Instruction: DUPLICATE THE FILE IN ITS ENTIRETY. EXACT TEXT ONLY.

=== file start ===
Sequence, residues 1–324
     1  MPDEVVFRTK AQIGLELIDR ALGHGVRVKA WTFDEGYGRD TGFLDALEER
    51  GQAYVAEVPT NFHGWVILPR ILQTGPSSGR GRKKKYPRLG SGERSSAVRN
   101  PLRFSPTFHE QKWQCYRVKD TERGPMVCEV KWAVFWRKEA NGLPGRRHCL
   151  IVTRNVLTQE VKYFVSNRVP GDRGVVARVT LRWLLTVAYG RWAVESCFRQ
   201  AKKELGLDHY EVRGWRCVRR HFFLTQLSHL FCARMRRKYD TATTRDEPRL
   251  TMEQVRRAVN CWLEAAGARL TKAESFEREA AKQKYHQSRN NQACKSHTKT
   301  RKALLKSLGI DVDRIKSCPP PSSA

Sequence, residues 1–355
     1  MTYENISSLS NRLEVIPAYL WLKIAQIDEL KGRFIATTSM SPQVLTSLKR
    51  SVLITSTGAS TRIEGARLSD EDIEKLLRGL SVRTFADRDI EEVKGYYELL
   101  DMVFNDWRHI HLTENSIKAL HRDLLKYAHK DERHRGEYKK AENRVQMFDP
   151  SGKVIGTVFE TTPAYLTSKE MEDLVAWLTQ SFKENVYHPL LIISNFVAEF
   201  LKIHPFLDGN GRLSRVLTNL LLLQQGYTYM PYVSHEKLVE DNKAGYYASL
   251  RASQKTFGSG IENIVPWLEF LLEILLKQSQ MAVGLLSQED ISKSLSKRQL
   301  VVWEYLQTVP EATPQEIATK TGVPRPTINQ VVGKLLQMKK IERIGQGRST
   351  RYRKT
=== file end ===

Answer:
Sequence, residues 1–324
     1  MPDEVVFRTK AQIGLELIDR ALGHGVRVKA WTFDEGYGRD TGFLDALEER
    51  GQAYVAEVPT NFHGWVILPR ILQTGPSSGR GRKKKYPRLG SGERSSAVRN
   101  PLRFSPTFHE QKWQCYRVKD TERGPMVCEV KWAVFWRKEA NGLPGRRHCL
   151  IVTRNVLTQE VKYFVSNRVP GDRGVVARVT LRWLLTVAYG RWAVESCFRQ
   201  AKKELGLDHY EVRGWRCVRR HFFLTQLSHL FCARMRRKYD TATTRDEPRL
   251  TMEQVRRAVN CWLEAAGARL TKAESFEREA AKQKYHQSRN NQACKSHTKT
   301  RKALLKSLGI DVDRIKSCPP PSSA

Sequence, residues 1–355
     1  MTYENISSLS NRLEVIPAYL WLKIAQIDEL KGRFIATTSM SPQVLTSLKR
    51  SVLITSTGAS TRIEGARLSD EDIEKLLRGL SVRTFADRDI EEVKGYYELL
   101  DMVFNDWRHI HLTENSIKAL HRDLLKYAHK DERHRGEYKK AENRVQMFDP
   151  SGKVIGTVFE TTPAYLTSKE MEDLVAWLTQ SFKENVYHPL LIISNFVAEF
   201  LKIHPFLDGN GRLSRVLTNL LLLQQGYTYM PYVSHEKLVE DNKAGYYASL
   251  RASQKTFGSG IENIVPWLEF LLEILLKQSQ MAVGLLSQED ISKSLSKRQL
   301  VVWEYLQTVP EATPQEIATK TGVPRPTINQ VVGKLLQMKK IERIGQGRST
   351  RYRKT